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Study: Farmer input critical in creating water plans

A pair of scientists assert California officials and researchers should get more input from farmers as they develop sustainability plans for troubled groundwater basins.
Tim Hearden

Capital Press

Published on January 18, 2018 9:30AM

Last changed on January 19, 2018 12:47PM

Tim Hearden/For the Capital Press
Shasta County workers fix a well east of Redding, Calif., from which water is pumped into a storage tank. A pair of researchers is urging California officials to seek more input from agriculture as they develop groundwater sustainability plans.

Tim Hearden/For the Capital Press Shasta County workers fix a well east of Redding, Calif., from which water is pumped into a storage tank. A pair of researchers is urging California officials to seek more input from agriculture as they develop groundwater sustainability plans.

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DAVIS, Calif. — As newly assembled local agencies prepare to implement California’s new groundwater law, now is the time for farmers and their advocacy organizations to get involved.

So advises a researcher who co-authored a report stating that officials should work harder to gauge the impact on agriculture as they prepare plans required by the 2014 Sustainable Groundwater Management Act.

University of Vermont Food Systems Program assistant professor Meredith Niles and doctoral student Courtney Hammond Wagner held focus groups with 20 farmers in Yolo County, Calif., whose groundwater basin had been given a high or medium priority.

Among their findings was that growers reported feeling “written out of the process” and suggested there was no “one-size-fits-all solution to groundwater management” in the state, so a focus on local context and needs was important.

Niles, who earned her doctorate at the University of California-Davis, said little input has been received from growers even though they’ll be among the most severely impacted by any new restrictions.

Additional research is needed to gather input from farmers in diverse geographic areas, she said.

“Beyond greater geographic scope, it’s important to also capture a better understanding both of what farmers are currently doing to implement sustainability for groundwater, what they want to do in the future, and their policy preferences for implementing SGMA,” Niles said in an email.

The researchers followed up on the focus groups by conducting a survey of more than 130 farmers in Yolo County last summer and are now analyzing that data, she said.

“Additional surveys, interviews and focus groups with farmers and farm producer organizations (are) important to make sure farmers have a voice at the table,” Niles said. “After all, they are the largest anthropogenic use of water in the state.”

The survey was done as cities, counties and water districts faced a deadline last summer to set up local groundwater sustainability agencies in the state’s 127 high- and medium-priority basins. By the end of the summer, 99 percent of the basins were covered by a local GSA, a groundwater adjudication or some other sustainability plan, according to the State Water Resources Control Board.

Basins identified as critically overdrafted must have sustainability plans in place by Jan. 31, 2020, while other high- and medium-priority basins have until Jan. 31, 2022. The basins must achieve sustainability by 2042.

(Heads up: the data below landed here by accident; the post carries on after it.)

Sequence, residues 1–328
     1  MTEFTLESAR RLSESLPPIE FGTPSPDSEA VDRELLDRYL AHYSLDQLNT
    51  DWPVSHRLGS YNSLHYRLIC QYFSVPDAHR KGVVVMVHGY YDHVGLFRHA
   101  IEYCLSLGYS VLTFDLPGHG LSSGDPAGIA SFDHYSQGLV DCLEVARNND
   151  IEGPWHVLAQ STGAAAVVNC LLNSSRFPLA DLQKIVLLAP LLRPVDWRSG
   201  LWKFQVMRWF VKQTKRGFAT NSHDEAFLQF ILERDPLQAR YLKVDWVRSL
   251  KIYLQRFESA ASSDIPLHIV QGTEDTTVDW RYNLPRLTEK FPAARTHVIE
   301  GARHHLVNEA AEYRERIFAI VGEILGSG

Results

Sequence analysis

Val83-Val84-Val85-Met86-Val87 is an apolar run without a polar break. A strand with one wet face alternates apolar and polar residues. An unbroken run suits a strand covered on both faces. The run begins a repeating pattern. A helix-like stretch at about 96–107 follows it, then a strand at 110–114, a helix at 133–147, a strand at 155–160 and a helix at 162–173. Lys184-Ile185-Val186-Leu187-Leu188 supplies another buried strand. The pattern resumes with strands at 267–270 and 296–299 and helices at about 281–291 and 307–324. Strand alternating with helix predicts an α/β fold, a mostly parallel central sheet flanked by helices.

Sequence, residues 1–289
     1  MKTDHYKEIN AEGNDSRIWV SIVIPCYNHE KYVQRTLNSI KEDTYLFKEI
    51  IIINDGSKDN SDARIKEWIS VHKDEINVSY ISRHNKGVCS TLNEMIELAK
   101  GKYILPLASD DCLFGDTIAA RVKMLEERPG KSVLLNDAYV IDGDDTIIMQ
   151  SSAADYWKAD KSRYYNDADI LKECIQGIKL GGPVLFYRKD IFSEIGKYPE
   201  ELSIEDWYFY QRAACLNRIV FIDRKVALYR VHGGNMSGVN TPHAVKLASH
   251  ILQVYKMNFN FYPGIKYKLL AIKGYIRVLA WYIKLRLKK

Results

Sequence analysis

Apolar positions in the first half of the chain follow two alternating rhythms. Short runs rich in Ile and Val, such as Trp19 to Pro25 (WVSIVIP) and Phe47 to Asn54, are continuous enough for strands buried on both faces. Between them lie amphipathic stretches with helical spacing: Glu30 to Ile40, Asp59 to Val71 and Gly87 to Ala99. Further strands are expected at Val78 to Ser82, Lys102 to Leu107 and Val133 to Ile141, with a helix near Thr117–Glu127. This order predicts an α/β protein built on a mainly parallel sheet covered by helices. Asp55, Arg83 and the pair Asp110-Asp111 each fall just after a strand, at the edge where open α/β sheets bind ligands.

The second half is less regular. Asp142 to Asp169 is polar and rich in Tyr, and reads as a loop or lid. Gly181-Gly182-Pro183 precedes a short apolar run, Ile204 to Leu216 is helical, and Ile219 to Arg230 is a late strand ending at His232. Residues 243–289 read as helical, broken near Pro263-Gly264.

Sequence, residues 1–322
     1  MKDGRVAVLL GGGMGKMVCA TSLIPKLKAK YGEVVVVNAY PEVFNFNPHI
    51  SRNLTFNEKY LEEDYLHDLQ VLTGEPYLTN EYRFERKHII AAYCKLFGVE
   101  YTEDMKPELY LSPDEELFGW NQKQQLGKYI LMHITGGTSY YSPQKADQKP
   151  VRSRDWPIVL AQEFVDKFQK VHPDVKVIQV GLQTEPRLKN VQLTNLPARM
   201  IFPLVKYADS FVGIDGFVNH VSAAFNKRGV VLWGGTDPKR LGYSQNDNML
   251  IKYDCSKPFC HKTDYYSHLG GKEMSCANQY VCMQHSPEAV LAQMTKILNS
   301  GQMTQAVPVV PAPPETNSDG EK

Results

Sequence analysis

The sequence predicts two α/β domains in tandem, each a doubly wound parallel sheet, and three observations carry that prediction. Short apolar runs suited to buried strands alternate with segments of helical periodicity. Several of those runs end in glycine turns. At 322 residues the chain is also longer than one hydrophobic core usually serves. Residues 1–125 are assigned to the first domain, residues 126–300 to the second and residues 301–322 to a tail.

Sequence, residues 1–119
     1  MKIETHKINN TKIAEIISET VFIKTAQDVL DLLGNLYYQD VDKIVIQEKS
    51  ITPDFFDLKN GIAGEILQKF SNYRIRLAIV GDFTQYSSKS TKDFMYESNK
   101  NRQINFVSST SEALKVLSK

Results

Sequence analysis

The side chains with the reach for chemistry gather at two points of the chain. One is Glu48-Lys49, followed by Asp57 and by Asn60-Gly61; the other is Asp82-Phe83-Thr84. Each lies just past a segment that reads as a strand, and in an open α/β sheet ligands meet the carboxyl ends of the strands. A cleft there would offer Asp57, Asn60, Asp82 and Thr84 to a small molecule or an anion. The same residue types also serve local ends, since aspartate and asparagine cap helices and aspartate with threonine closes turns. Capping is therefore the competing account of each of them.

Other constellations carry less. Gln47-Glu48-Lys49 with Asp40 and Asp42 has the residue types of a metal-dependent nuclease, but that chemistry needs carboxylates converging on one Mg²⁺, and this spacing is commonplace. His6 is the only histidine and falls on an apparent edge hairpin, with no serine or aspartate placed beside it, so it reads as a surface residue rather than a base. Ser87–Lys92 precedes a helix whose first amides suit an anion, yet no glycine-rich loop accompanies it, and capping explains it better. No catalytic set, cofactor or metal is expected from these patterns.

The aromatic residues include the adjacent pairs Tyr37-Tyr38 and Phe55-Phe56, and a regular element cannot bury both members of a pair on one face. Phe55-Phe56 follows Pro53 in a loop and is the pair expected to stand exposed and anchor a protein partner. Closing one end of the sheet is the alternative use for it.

Niles and Wagner conducted their study after a 2016 report by UC-Berkeley water law expert Michael Kiparsky asserted that much of the success of SGMA would revolve around the “social acceptance” of policies by users. Social acceptance involves users’ “perceptions of fairness, efficacy and other value-based dimensions that can raise tensions and lack clear, unambiguous solutions,” Niles and Wagner wrote.

Social acceptance is likely to become more important as the emphasis shifts to writing sustainability plans, which will have to include measurable objectives and detailed steps for controlling groundwater use, they wrote.

In the focus groups, growers cited a variety of “drivers” for their area’s impacted groundwater basin, including an increase in permanent crops, urbanization and new agricultural development in previously uncultivated areas.

Many farmers said they hope “common sense prevails” in the sustainability plans, but some said they felt “outnumbered” in the decision-making process as most representatives were from cities or irrigation districts that did not have a lot of farmer representation, Niles and Wagner wrote.

While the growers had different perspectives on the law, some key themes emerged, including an understanding of the role of agriculture in sustainable water management, the two wrote.

Integrating themselves into the planning process will be “critical” for growers, Niles said.

“Now is probably the most important time for farmers to be involved, as the GSA is really the ones that are going to be establishing the plans for achieving groundwater sustainability,” she said. “These plans will be the plan of action for the future.”

While most local areas have achieved their goal of establishing the GSA, the “much harder work” will be to come up with the plans themselves, Niles said.

“Depending on the region, some of these plans could have significant impacts on water users and farmers, and will need to balance the interests of the public, environment and other water users,” she said.

“I think it still waits to be seen how SGMA implementation will play out as these particularly challenging issues are worked through,” she said. “This is why it’s important for farmers to be involved to play a role in shaping these policy processes.”


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